Time to take a real stand against the war
The Hatchet reported that 150 GW students made it out to the anti-war demonstration on Sept. 15. The report also said that students present were members of either the College Democrats or Students Against the War in Iraq.
Let’s re-focus the lens. The College Democrats were present but the Students Against the War in Iraq were not. Unfortunately, only about 25 of those students actually joined in the true anti-war rhetoric the demonstration upheld. Those 25 students were allied with us: the Campus Anti-war Network, a nonpartisan organization that takes a more radical stance on the issue of war. We unequivocally believe that this war is illegal, immoral and for profit, and that it buttresses a calculated agenda neatly interwoven into a long-standing history of imperialist American foreign policy.
Of course, with Iraqi “collateral damage” nearing 1 million deaths and more than 3,000 American soldiers dead, one would expect “radical” to be the vogue. Yet, radical does not seem to be where most GW students are. This political apathy is perhaps most disturbing considering GW’s famed legacy of anti-war activism.
But perhaps the disappointment runs deeper when considering most of the students belonged to the College Democrats. Out for their first anti-war demonstration and motivated by what seems more the overarching trend of presidential hopefuls and self-proclaimed “peace candidates” such as Obama and Hillary, the Democrats seemed oblivious to the atrocities this war has left in its wake. They not only refused to chant slogans that exposed the illegal nature of the war, but they were also embarrassingly rude at the rally, starting arbitrary chants that drowned out speakers who disagreed with their political views. In fact, it wasn’t “GW activists” as a whole that grew tired of the speeches and prematurely left the demonstration, it was only the College Democrats. CAN on the other hand waited and, following the lead of CAN and Iraq Veterans Against the War member (not just supporter) Adam Kokesh, respectfully marched with a unified student contingent from across the nation.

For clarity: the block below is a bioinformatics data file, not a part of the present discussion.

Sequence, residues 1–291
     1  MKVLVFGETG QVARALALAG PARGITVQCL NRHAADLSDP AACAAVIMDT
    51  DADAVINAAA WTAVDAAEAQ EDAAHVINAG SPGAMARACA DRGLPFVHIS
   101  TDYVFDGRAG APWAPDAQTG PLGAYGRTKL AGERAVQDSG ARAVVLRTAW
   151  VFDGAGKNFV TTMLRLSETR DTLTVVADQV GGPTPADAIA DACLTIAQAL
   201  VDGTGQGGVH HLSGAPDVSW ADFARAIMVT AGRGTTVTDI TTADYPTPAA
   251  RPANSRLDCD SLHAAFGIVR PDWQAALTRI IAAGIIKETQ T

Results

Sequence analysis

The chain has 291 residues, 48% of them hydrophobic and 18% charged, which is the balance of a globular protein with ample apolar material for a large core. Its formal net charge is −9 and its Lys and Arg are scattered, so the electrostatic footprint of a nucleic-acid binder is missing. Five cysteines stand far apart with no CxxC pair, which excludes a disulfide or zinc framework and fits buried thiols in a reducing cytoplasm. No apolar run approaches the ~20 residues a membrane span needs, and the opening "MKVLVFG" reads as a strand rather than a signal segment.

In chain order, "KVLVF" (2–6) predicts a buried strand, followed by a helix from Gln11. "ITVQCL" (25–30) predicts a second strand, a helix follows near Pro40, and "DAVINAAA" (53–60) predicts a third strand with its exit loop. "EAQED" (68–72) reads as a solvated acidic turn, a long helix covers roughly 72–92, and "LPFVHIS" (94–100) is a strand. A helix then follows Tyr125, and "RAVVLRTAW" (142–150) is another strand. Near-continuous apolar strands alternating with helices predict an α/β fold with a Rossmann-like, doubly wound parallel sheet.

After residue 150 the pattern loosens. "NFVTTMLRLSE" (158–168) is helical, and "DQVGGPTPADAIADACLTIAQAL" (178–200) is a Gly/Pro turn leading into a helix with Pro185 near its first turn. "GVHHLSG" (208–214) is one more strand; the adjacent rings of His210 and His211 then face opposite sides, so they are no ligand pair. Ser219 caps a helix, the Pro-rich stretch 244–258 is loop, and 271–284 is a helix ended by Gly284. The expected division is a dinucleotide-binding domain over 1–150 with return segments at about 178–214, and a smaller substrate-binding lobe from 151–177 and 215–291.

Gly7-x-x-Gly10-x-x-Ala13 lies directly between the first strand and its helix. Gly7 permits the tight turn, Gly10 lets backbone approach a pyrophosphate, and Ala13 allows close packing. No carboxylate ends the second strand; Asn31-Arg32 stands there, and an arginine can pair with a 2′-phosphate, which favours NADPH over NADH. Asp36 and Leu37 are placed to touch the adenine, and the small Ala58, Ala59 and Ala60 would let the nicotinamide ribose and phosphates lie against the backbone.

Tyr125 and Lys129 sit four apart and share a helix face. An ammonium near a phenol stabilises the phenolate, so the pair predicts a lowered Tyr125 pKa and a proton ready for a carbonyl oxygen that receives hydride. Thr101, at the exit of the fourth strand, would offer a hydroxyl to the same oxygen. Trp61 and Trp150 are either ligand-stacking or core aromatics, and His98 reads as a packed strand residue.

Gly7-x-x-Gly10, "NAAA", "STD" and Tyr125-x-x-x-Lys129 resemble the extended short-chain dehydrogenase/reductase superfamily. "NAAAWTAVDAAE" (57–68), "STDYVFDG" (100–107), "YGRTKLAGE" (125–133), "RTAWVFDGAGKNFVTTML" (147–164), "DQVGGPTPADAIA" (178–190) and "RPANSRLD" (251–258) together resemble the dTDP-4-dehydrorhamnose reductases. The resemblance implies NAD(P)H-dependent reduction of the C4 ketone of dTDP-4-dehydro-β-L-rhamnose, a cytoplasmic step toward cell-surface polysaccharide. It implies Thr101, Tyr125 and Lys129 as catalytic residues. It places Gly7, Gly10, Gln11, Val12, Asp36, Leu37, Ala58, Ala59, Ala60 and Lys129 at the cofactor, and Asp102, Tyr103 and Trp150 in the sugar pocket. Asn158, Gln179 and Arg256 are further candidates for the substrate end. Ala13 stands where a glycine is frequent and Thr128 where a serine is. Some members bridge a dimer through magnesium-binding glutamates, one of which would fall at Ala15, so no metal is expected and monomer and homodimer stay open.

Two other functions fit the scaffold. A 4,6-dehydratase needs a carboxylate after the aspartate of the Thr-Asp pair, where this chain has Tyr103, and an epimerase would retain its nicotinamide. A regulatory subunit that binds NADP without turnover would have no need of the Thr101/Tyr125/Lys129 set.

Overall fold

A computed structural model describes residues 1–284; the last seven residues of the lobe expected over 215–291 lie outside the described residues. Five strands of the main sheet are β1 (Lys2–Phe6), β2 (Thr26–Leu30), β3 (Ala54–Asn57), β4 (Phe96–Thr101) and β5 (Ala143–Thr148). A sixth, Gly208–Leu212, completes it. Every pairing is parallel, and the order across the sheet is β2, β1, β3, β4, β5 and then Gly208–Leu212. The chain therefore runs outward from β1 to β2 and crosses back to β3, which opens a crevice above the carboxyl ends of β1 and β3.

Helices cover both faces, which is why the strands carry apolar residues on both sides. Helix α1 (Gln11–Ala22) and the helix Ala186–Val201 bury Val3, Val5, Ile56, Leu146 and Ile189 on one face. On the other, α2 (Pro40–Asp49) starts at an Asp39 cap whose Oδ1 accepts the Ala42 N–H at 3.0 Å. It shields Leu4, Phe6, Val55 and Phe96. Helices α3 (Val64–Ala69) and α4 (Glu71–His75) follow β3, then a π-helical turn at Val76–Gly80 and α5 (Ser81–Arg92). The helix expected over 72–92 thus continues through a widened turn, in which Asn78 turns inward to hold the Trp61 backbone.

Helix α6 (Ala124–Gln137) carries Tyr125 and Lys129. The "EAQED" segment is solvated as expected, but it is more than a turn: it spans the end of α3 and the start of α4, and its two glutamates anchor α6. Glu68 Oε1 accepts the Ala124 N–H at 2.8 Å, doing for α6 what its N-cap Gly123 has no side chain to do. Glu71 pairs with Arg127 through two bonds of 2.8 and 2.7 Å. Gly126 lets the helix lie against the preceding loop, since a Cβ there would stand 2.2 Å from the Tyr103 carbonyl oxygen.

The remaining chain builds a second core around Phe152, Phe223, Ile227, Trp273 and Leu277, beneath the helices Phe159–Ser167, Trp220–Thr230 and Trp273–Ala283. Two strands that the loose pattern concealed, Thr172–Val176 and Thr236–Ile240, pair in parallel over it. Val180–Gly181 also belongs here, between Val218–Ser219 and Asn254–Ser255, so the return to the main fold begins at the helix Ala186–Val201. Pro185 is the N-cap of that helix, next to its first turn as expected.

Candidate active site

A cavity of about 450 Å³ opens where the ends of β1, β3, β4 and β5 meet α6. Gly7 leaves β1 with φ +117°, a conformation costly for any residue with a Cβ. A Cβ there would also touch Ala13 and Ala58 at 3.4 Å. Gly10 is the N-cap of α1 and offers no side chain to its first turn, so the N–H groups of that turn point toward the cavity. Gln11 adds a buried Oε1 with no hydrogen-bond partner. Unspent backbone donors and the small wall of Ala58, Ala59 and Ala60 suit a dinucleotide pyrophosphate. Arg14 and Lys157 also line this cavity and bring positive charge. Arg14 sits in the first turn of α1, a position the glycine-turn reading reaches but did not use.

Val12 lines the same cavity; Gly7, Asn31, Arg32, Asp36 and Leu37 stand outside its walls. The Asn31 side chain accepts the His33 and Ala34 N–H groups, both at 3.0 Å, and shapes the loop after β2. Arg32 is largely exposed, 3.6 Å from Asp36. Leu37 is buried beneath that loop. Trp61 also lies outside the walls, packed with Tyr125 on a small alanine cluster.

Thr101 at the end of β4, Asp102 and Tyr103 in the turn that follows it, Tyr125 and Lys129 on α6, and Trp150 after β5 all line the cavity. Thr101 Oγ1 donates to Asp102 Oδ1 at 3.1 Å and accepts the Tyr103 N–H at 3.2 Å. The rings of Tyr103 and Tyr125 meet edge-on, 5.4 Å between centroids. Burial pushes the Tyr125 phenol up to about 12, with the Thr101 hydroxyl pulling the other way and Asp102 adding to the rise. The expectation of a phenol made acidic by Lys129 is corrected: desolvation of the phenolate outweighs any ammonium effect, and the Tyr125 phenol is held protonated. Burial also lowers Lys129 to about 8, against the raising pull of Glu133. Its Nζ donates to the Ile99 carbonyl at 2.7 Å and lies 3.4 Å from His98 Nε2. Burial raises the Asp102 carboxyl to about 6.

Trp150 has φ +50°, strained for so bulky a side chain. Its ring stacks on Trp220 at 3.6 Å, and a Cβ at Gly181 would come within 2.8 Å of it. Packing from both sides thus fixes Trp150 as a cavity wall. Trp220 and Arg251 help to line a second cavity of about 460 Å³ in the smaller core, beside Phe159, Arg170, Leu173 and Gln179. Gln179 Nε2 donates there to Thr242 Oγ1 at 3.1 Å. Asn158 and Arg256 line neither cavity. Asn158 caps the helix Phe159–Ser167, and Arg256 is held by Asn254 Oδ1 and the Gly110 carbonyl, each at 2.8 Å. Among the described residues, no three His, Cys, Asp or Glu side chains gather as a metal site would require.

Had the Princeton Review made it out to Kogan Plaza only to be met by a meek 150 students protesting the illegal occupation of Iraq, our guess is that they would have revoked GW’s sexy title of “Most Politically Active” campus. What can we do to win the title back? Perhaps with the help of the Campus Anti-war Network, we, could harken back to the days of the 1960s and 70s when the dorm, and the GW campus as a whole, was a mainstay of the anti-war movement.
Lara Masri, Graduate Student
No reasonable discussion stems from Iran’s president
I am disappointed in The Hatchet’s Sept. 24 editorial (pg. 4) defending Columbia University’s invitation to Iranian President Mahmoud Ahmadinejad. The Hatchet’s trite arguments for freedom of speech and academic discourse completely miss the point. Ahmadinejad’s views and policies are in the news almost every day; any half-aware student didn’t need this forum to be aware of them. Freedom of speech simply guarantees liberty of thought and expression, not an entitlement to the respect of a platform at an academic forum.
The Hatchet’s opinion also relies on the supposition that any aspect of Ahmadinejad’s views and behavior are up for reasonable academic discussion. I ask only this: Which of those would that be? His Holocaust denial? His suppression of dissent? Iranian support of terrorism and the insurgency in Iraq? His stated desire for the destruction of Israel? To plea for open-mindedness in this context is to suggest that there is no idea that academia is capable of condemning. Is that the standard we want?
Let’s not kid ourselves: there was no real debate at Columbia, and there was never a chance for one. Columbia President Lee Bollinger rightly denigrated Ahmadinej had as “a petty and cruel dictator” and challenged every one of his extremist points of view in detail. Ahmadinejhad’s claim that no homosexuals exist in Iran was met with derisive laughter. Make no mistake, derision and condemnation are all that he and his views deserve – not the pretense of academic respect inherent in his invitation.
Todd DuBois, Alumnus